Fire Department SUVs Gaining Speed in Arlington

AFD looks to save money through use of SUVs instead of fire engines

By Mola Lenghi
|  Tuesday, Dec 27, 2011  |  Updated 7:09 PM CDT
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Arlington Fire Department looks to use SUVs on calls that don't require a traditional fire truck.

Mola Lenghi, Arlington Journalist

Arlington Fire Department looks to use SUVs on calls that don't require a traditional fire truck.

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When you think about your local fire department, those familiar ladder trucks probably come to mind.

But in Arlington, you won't be seeing those engines as often.

The Arlington Fire Department is expanding the use of highly equipped sport utility vehicles to respond to lower-priority medical calls. The SUVs are already in use at one fire station.

The majority of calls the department responds to are medical calls.

“They may be anything from a stomachache to breathing difficulty, an injured person or a gunshot wound,” Lt. Darrel Whitfield said.

Fire engines show up, resulting in a lot of needless wear and tear on the $600,000 trucks.

“If this engine is tied up on a medical call and a fire happens in this district right here, then another fire truck from a surrounding district has to respond,” Whitfield said.

Arlington fire engines typically last five to seven years before having to be replaced. Whitfield said the vehicles are very expensive to buy and maintain.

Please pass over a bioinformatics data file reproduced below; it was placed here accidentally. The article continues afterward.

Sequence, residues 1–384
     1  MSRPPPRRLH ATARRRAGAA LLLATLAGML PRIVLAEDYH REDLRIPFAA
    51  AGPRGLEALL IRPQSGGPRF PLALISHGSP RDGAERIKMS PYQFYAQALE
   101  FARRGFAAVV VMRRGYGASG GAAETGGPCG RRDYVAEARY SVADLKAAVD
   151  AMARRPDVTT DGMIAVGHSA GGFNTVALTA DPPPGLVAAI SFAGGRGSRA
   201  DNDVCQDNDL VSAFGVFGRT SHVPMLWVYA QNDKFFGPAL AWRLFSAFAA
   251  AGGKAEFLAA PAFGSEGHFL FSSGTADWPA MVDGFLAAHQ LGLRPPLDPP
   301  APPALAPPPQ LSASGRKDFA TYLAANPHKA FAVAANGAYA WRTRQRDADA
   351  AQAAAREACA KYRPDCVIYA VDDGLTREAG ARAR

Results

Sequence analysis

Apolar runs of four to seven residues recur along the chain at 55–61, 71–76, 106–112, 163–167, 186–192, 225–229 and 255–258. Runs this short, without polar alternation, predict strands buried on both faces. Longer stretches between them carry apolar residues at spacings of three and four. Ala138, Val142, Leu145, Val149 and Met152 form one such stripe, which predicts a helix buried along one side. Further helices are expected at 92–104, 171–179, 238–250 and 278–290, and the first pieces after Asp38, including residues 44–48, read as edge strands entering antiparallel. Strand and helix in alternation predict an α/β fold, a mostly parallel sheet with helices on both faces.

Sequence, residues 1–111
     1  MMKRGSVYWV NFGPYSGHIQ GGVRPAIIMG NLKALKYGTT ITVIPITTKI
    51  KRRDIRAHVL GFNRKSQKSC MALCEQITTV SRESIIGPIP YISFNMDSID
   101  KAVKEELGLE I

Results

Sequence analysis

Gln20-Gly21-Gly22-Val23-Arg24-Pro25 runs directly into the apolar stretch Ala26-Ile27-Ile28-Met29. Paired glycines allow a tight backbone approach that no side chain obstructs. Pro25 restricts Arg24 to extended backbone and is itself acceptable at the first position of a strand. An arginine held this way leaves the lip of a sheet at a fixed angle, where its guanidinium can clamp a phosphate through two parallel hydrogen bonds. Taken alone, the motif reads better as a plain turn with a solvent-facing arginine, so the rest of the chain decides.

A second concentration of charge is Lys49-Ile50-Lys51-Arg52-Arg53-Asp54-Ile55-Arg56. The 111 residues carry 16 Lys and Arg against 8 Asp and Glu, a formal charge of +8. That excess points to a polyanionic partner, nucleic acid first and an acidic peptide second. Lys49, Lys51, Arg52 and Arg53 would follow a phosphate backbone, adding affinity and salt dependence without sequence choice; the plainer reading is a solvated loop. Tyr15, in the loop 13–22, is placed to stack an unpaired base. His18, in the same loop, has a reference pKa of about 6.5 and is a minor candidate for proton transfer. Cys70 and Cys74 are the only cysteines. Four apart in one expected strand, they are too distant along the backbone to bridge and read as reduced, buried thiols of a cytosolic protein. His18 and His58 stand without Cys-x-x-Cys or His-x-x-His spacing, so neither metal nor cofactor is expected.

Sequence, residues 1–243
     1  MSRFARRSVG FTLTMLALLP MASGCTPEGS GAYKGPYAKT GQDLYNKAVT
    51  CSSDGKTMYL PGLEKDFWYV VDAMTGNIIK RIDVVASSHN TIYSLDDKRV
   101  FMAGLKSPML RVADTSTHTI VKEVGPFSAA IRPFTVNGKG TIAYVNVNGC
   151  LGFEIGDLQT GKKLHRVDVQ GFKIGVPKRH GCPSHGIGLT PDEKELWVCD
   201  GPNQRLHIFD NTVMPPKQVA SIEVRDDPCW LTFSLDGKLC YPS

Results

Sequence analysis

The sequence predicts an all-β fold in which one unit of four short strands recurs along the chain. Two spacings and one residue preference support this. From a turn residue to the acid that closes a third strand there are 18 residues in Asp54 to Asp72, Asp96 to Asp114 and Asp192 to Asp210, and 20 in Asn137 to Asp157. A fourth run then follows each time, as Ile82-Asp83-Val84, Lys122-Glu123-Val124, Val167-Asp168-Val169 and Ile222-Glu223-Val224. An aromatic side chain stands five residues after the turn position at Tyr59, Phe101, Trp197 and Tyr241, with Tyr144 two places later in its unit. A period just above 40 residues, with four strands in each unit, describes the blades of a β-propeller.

"If you have a vehicle that costs $600,000-plus and it only lasts five to seven years, that's a big cost to the citizens and taxpayers of Arlington," Whitfield said.

The city could go through 12 SUVs for the price of one fire engine. That, along with the better fuel costs and quicker response times, has sparked an effort to expand the use of the SUVs to at least one more station.

Lt. Keith Copeman said the SUVs basically have “the same capabilities as the engine except squirting water."

"It has tools. It has air packs for the firefighters ... to make entry with. It has all the gear they need for that," he said.

While the SUV units have proven to be efficient and more cost-effective, the traditional fire engine is still king, firefighters said. They said they will continue to turn to the engines to do what they do best -- fight fires.

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